Curran and His Contemporaries

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W. Blackwood, 1850 - Ireland - 496 pages

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Page 78 - There is no terror, Cassius, in your threats, For I am armed so strong in honesty That they pass by me as the idle wind, Which I respect not.
Page 310 - She is far from the land where her young hero sleeps, And lovers around her are sighing; But coldly she turns from their gaze, and weeps, For her heart in his grave is lying.
Page 310 - He had lived for his love, for his country he died, They were all that to life had entwined him ; Nor soon shall the tears of his country be dried, Nor long will his love stay behind him. Oh ! make her a grave where the sunbeams rest When they promise a glorious morrow ; They'll shine o'er her sleep, like a smile from the West, From her own loved island of sorrow.
Page 304 - OH! BREATHE NOT HIS NAME. OH ! breathe not his name, let it sleep in the shade, Where cold and unhonour'd his relics are laid ; Sad, silent, and dark, be the tears that we shed, As the night-dew that falls on the grass o'er his head. But the night-dew that falls, though in silence it weeps, Shall brighten with verdure the grave where he sleeps ; And the tear that we shed, though in secret it rolls, Shall long keep his memory green in our souls.
Page 310 - SHE is far from the land where her young hero sleeps, And lovers are round her sighing ; But coldly she turns from their gaze, and weeps, For her heart in his grave is lying.
Page 298 - You, my lord, are a judge ; I am the supposed culprit: I am a man, you are a man also; by a revolution of power we might change places, though we never could change characters. If I stand at the bar of this court and dare not vindicate my character, what a farce is your justice?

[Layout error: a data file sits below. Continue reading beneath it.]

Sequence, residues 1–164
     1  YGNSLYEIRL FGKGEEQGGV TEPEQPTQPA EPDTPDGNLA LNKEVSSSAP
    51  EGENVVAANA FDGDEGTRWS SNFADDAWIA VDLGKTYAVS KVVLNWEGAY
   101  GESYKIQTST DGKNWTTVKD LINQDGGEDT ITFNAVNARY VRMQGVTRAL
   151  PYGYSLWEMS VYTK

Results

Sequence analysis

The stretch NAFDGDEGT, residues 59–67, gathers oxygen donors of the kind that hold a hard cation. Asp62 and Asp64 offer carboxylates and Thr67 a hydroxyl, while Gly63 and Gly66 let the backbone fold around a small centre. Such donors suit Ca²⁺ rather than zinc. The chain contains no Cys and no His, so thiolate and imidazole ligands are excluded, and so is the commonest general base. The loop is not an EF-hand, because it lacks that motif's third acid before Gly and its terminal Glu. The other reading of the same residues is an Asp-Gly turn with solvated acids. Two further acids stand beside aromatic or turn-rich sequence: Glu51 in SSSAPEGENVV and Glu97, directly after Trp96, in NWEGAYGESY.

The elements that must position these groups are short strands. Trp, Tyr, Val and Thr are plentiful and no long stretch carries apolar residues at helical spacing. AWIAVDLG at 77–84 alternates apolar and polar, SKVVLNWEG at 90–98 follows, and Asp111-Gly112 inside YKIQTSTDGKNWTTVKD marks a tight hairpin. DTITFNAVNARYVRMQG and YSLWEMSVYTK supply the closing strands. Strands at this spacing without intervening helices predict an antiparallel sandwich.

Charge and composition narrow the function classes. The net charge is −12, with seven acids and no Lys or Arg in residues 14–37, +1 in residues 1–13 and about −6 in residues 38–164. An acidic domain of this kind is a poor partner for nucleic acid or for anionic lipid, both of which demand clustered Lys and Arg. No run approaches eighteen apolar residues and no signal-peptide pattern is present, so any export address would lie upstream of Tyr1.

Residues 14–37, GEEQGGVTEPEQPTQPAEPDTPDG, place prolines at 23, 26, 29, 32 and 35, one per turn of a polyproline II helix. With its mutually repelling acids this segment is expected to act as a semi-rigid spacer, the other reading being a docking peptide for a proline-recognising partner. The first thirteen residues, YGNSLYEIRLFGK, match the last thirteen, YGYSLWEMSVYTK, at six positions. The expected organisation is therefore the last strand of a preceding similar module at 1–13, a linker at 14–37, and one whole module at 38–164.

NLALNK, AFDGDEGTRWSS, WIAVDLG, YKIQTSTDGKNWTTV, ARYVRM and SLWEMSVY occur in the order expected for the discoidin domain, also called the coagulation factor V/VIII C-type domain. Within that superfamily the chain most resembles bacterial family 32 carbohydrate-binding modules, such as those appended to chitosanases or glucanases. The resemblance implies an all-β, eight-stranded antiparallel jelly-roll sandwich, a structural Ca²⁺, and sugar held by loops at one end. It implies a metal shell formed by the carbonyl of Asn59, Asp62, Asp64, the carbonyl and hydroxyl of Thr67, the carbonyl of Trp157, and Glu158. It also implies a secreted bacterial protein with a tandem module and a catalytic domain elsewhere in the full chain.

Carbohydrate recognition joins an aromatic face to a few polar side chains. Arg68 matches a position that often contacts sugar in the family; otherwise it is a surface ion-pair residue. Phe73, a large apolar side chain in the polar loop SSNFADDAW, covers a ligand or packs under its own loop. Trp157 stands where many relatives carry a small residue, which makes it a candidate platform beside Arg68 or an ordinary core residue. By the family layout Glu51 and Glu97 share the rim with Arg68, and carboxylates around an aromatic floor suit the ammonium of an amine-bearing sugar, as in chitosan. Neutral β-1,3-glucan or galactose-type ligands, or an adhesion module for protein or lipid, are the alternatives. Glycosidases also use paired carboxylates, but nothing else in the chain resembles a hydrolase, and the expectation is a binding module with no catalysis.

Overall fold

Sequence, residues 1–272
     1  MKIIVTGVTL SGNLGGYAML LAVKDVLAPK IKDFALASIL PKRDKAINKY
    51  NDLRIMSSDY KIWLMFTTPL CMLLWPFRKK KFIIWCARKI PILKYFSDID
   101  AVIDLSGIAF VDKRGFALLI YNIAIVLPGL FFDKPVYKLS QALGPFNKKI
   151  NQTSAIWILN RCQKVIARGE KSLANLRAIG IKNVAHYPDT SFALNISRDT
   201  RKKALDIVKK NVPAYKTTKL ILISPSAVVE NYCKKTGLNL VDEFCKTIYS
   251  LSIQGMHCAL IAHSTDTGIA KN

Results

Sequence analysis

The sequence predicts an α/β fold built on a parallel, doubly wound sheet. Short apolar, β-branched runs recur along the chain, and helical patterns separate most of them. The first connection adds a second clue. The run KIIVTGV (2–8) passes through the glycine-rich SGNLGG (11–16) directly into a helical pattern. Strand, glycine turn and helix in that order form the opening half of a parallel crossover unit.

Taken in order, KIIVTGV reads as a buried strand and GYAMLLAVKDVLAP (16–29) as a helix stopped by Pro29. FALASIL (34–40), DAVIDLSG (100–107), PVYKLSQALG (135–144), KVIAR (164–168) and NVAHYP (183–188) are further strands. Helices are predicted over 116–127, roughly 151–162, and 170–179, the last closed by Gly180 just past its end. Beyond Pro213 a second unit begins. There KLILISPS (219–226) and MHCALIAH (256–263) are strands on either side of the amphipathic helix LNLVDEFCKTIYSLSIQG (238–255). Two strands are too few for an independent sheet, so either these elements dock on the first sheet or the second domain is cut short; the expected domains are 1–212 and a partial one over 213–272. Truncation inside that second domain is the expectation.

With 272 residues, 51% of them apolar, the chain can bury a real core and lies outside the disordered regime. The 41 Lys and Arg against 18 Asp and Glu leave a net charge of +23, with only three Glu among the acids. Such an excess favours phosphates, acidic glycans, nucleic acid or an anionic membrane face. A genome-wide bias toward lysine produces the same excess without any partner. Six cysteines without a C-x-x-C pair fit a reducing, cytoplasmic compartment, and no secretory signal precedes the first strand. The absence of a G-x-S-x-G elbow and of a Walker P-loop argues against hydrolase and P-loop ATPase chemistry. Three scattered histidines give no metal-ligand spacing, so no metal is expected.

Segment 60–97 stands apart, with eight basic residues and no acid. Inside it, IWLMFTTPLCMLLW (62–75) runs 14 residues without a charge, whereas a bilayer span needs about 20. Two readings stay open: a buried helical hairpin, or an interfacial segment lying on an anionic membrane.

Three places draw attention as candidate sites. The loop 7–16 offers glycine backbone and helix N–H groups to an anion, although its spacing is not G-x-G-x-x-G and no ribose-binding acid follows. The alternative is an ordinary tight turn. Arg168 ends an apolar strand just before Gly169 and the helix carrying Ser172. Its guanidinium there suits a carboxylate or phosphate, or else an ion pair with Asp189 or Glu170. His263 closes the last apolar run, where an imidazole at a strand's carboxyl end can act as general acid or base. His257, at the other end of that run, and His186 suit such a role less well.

Page 301 - I have but one request to ask at my departure from this world - it is the charity of its silence ! Let no man write my epitaph: for as no man who knows my motives dare now vindicate them, let not prejudice or ignorance asperse them.
Page 299 - By you, too, who, if it were possible to collect all the innocent blood that you have shed in your unhallowed ministry, in one great reservoir, your lordship might swim in...
Page 173 - ... no matter with what solemnities he may have been devoted upon the altar of slavery ; the first moment he touches the sacred soil of Britain, the altar and the god sink together in the dust ; his soul walks abroad in her own majesty ; his body swells beyond the measure of his chains that burst from around him, and he stands redeemed, regenerated, and disenthralled, by the irresistible Genius of UNIVERSAL EMANCIPATION ! [Here Mr.
Page 297 - I have always understood it to be the duty of a judge, when a prisoner has been convicted, to pronounce the sentence of the law. I have also understood that judges sometimes think it their duty to hear with patience and to speak with humanity...

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